Everything works in favour of the film. From the songs (the song Dilli Dilli comes with the opening titles and sets the mood), thrilling sequences, the dialogues fill of cuss words and the fact that you can identify all the characters shown -- there is nothing that works against it. What might off are a few sequences in the latter part of the second half. As important as they might, a few scenes seem a bit dragged and hence takes the attention that you have been paying from the start. But the second half more than makes up for it.
Rani Mukherjee is first rate. After a long time, and thankfully outside Yashraj camp, she delivers a great performances as the journalist who uses slangs, smokes frequently, calls herself a bitch and leaves her boyfriend in the middle of sex asking him to fly solo. She nails it as the fashionable news-woman who does a shirshasan in her office and initiates the entire Justice for Jessica process, even convincing Sabrina to come back after the latter had lost all hope.
Vidya Balan is going through a purple patch. After the glamorous mother in Paa and delectable seductress in Ishqiya, this is Vidya's 3rd consecutive meaty and commendable performance. Alas, she won't be considered in the prime league unlike a Kareena who is delivering superhits in male-oriented movies. She is sublime, innocent and yet firm as the strong sister who shouts but doesn't cry as she had promised not to shed tears to her dead sister. In one word, she is brilliant.
Myra, who plays Jessica, keeps coming back in flashes and shines everytime she does so. She is gorgeous and exudes super strength of character.
The other supporting actors do justice to their respective roles. Special mention is deserved by Neil Bhoopalam (who plays Vikram Jai Singh) and Rajesh Sharma (who plays investigating officer NK) who also helps Meera in his own ways to bring proofs to prominence. Look out for two specific scenes: the sting operation on Vikram Jai Singh and his confession that he was asked to choose between a crore and a bullet; and a brief interrogation of Manish by NK.
The only glitch and complaint that you have from the director: why was NOKJ as stark as his first outing Aamir? Is it solely because the former deals with women?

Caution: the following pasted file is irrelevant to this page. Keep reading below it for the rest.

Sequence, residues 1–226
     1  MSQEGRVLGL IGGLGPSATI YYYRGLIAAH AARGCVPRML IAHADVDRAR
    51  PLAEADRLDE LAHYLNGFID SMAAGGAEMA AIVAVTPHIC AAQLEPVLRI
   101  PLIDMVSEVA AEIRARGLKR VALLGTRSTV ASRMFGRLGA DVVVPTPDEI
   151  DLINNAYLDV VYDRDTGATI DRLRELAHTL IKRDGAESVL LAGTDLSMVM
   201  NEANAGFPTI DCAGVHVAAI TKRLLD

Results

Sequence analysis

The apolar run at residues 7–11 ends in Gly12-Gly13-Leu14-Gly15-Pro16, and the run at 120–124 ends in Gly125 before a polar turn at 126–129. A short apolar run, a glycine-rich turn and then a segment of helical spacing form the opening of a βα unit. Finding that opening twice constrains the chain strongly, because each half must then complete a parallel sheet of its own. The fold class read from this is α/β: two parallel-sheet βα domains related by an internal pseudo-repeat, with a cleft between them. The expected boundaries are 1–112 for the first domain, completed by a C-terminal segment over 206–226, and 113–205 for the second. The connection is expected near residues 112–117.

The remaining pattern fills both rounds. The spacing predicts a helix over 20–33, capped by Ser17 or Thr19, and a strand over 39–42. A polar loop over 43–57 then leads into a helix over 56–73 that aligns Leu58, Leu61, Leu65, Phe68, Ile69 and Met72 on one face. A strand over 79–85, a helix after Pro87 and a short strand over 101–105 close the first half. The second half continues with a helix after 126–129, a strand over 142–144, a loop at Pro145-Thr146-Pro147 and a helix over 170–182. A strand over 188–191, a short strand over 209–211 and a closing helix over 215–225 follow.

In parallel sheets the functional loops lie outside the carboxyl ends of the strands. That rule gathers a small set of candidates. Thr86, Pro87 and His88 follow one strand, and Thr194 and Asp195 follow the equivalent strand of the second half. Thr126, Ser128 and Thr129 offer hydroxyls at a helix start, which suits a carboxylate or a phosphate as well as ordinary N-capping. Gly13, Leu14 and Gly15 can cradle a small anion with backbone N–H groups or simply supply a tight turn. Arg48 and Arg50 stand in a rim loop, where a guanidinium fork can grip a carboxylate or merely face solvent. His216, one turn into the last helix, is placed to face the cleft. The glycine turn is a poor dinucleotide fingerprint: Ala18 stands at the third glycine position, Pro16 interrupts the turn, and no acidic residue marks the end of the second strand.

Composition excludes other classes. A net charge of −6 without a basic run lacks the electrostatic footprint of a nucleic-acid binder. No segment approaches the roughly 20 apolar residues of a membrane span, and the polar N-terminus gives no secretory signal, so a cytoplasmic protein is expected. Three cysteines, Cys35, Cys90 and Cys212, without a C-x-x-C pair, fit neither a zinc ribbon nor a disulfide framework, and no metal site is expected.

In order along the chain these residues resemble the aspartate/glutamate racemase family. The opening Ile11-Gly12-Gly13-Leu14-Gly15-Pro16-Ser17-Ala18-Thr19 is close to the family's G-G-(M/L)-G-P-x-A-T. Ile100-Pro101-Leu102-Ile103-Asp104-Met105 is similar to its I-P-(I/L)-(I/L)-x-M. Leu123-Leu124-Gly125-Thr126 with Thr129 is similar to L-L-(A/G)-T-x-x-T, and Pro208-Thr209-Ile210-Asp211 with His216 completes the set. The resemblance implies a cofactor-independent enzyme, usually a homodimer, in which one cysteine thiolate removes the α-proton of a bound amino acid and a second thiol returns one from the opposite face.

But final word: Go and watch the film. It's a great for the Hindi Film Industry in 2011. I strongly believe that not all movies need to have a purpose, but those which do deserve an extra applause.
There are movies and there is NOKJ. Similarly there are film makers and then there is Raj Kumar Gupta. Honestly, this film, inspired from a headlin...
There are movies and there is NOKJ. Similarly there are film makers and then there is Raj Kumar Gupta. Honestly, this film, inspired from a headline by Times Of India, in 2006, did not interest me at all, initially. The thought being not one of non-interest in the narration of the Jessica tale, but due to the history of which true incidents are handled in Bollywood.
NOKJ is a part fact, part fictionised version of the murder of Jessica Lall, wherein the young model was killed at point blank range by the son of an influential politician under the influence of liquor. More than the murder, it was the verdict announced by the lower court in 2006, around 5 years after the incident, which created an unexpected furore amongst the people of India, the genteel, the glitterati and the masses.
When the son of a powerful minister, Pramod Bhardwaj (Shireesh Sharma), Manish Bhardwaj (Mohammed Zeeshan Ayub), kills a female bar tender cum celebrity model, Jessica Lall (Myra), at a high profile party in Delhi, with 300 guests around, it seemed like an open and shut case. It was just a matter of time before the accused would be punished for their wrong doing and justice would prevail. So thought everyone, including Sabrina Lall (Vidya Balan), the victims sister and also did Meera Gaity (Rani Mukerji), a high profile journalist, basking in the success of her Kargil war coverage. But when slowly, all but 7, guests agree to be witnesses in the case, the rest choosing to stay away from the mess, it starts showing the muck that surrounds the current manner in which things are running in our country. Of the 7, the hostile turnaround by the 2 eye witnesses, Shankar, the help and Vikram Jai Singh (Neel Bhopalan), an aspiring model turns the case in favour of the accused, eventually setting them free, after a prolonged trial of 5 years. It is here, when Meera reads the headlines, of Times of India, which sets her off on her next assignment, not for the sake of activism but for the plain and simple reason, that justice was denied. The dogged resilience of Sabrina & Meera, along with the nation, leads to the culmination of this episode in history.
NOKJ scores on many areas. But it falters also. Hence I would like to point out the flaws, even though too few, in this well thought of film.